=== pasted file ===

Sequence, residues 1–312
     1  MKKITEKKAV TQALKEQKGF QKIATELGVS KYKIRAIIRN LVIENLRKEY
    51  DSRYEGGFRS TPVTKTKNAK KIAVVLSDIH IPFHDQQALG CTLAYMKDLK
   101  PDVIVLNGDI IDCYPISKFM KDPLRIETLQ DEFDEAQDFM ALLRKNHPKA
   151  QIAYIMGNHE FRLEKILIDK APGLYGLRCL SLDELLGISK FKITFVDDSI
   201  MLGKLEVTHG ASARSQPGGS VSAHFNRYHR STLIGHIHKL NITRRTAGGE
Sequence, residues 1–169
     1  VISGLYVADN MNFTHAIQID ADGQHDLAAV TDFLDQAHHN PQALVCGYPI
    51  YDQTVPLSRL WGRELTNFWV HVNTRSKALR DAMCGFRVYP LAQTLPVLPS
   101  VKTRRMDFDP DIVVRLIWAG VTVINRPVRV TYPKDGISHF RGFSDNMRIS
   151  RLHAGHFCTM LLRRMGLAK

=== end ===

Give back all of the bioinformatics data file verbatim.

Sequence, residues 1–312
     1  MKKITEKKAV TQALKEQKGF QKIATELGVS KYKIRAIIRN LVIENLRKEY
    51  DSRYEGGFRS TPVTKTKNAK KIAVVLSDIH IPFHDQQALG CTLAYMKDLK
   101  PDVIVLNGDI IDCYPISKFM KDPLRIETLQ DEFDEAQDFM ALLRKNHPKA
   151  QIAYIMGNHE FRLEKILIDK APGLYGLRCL SLDELLGISK FKITFVDDSI
   201  MLGKLEVTHG ASARSQPGGS VSAHFNRYHR STLIGHIHKL NITRRTAGGE
Sequence, residues 1–169
     1  VISGLYVADN MNFTHAIQID ADGQHDLAAV TDFLDQAHHN PQALVCGYPI
    51  YDQTVPLSRL WGRELTNFWV HVNTRSKALR DAMCGFRVYP LAQTLPVLPS
   101  VKTRRMDFDP DIVVRLIWAG VTVINRPVRV TYPKDGISHF RGFSDNMRIS
   151  RLHAGHFCTM LLRRMGLAK